As we travel we are always on the lookout for small
local museums that give us a good picture of the local area
and/or people. In many cases we rely on recommendations to guide
us in our choices. On this particular day, Lynn Davis and his
wife Sue, said they had driven by the Rio Grande Valley Museum
and thought that possibly we might be interested in looking it
over. Well, we did and found it a very charming little museum. When we arrived at
the main building a young lady by the name of Celina explained to
us that they currently didn't have an exhibit in the main
building (which they normally do). However, they were presently
between exhibits. She did say that there was a film that we could
watch that gave an overview of the history of the valley and
explained the buildings that we would be seeing on our tour.
After the movie, we were joined by some other folks for a tour given by "Rod" Rodriguez, a very personable young man who did an excellent job in explaining the buildings, their former occupants, and in answering our questions.
The first building we went in was the Hill House, the original residence of Lon C. Hill, the founder of Harlingen. Hill moved his wife and eight children to Harlingen in the early 1900's. Unfortunately, before the house could be completed and they could move in, Hill's wife and youngest son died of a Typhoid epidemic that struck the area. However, he finally moved into the house with his remaining children and he and the town prospered.
The second building we went through was the Harlingen Hospital, the first in the city. It dates from the 1920's and depicts early health care in the Valley . It was a seven bed hospital. What was amazing was how much of the equipment resembled the various instruments used in hospitals today. In particular we noted the design of the "always attractive and flattering back-less hospital gowns" and the "ever comfortable" bedpan. You would think with all of our knowledge and technology that we could have come up with something better. They also had a dentist's chair and tools which also eerily resembled those that are in use today. In one of the cases was a display which puzzled me. It was a number of skeins of yarn in different colors. Our guide explained that these were used to test color blindness.
The third building was the Paso Real Stagecoach Inn, which was a much welcomed stopping place for travels going in or out of Harlingen. The lobby contained a post office and we found out that the price for a room for a night was 35¢ a night. However, they did have one room that was a little cheaper. That room had to be gone through to get to the kitchen. So, every morning, bright and early about 4:30-5:00 AM the entire population of the Inn stomped through this person's room. Either he was an exceptionally heavy sleeper or he got a very good room rate. They had some things in the kitchen that were very interesting, one was a special heater that went under the tin coffee pot to keep the coffee hot (MR. Coffee eat your heart out). And the second was a forerunner to the crock pot. It looked like a metal safe. You put hot coals in the bottle of it, and then put your pot on top of it, covering it was the lid. This cooked the food while it was in there. And then at meal time, Voila! warm food. Hmmm, wonder if I can get recipes?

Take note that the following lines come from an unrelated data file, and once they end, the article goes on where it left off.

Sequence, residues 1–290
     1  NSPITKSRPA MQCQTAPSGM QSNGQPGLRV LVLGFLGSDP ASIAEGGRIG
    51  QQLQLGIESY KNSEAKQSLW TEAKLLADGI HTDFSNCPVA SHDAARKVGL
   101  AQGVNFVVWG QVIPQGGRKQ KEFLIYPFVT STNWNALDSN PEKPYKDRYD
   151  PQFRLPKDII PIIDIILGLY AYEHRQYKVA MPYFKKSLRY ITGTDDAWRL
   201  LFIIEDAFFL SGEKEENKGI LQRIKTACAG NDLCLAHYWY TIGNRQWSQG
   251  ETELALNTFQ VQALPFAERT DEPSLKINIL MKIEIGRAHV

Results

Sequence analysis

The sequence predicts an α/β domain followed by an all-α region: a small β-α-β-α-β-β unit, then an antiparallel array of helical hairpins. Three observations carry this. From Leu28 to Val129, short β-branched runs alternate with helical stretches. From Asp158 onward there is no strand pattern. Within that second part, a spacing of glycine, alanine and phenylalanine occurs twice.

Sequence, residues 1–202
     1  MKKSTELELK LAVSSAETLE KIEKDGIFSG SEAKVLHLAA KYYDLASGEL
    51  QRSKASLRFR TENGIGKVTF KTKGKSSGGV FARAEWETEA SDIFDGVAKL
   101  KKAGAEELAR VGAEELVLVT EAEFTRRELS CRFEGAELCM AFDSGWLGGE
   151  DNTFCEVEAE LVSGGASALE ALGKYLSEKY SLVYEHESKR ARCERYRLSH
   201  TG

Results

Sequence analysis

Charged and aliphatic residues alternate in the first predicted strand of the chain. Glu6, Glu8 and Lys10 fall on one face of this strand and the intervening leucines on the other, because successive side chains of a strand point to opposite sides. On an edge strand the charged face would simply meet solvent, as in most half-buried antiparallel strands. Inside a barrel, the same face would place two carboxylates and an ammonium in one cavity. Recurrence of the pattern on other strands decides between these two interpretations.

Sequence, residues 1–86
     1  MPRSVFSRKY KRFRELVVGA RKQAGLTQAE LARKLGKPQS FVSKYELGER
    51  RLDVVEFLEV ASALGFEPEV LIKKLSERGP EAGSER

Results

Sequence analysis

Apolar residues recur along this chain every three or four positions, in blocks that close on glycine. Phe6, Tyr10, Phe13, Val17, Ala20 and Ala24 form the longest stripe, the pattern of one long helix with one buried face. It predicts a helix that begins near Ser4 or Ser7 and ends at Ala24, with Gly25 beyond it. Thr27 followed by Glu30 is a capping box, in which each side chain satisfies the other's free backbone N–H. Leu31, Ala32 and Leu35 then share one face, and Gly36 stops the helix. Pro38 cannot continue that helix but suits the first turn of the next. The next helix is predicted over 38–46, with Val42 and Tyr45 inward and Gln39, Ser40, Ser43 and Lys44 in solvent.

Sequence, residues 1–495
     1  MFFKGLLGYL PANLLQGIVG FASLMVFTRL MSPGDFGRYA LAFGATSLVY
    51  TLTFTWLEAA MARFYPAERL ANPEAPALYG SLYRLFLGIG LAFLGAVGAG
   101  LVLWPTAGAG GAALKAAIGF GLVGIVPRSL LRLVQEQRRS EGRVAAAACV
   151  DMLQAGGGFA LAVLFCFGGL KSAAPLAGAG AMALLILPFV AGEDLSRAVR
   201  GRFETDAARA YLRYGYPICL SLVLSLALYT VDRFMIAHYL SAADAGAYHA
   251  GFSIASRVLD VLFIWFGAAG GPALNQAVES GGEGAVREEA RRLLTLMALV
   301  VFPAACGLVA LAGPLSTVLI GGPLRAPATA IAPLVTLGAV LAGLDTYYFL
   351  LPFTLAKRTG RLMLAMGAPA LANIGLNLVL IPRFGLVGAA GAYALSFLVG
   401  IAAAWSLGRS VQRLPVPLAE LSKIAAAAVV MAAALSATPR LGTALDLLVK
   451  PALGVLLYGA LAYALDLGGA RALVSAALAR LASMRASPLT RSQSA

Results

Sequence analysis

Aside from the main visitors' center the other buildings had all been moved to this yarea from somewhere else. However, that was not the case with the last building. The last building had been a jail and now housed a varied collection of memorabilia. There were civil war relics, along with an extensive collection of shells, and some spectacular paintings. One of the things we saw that were interesting was a small model of Harlingen as it was some time back. We felt that our trip to the museum was certainly worthwhile and entertaining. Be sure if you get by there, stop in and see it. Also, you might want to check out their website for hours, days open, etc. It is: http://www.ci.harlingen.tx.us/museum1.htm.
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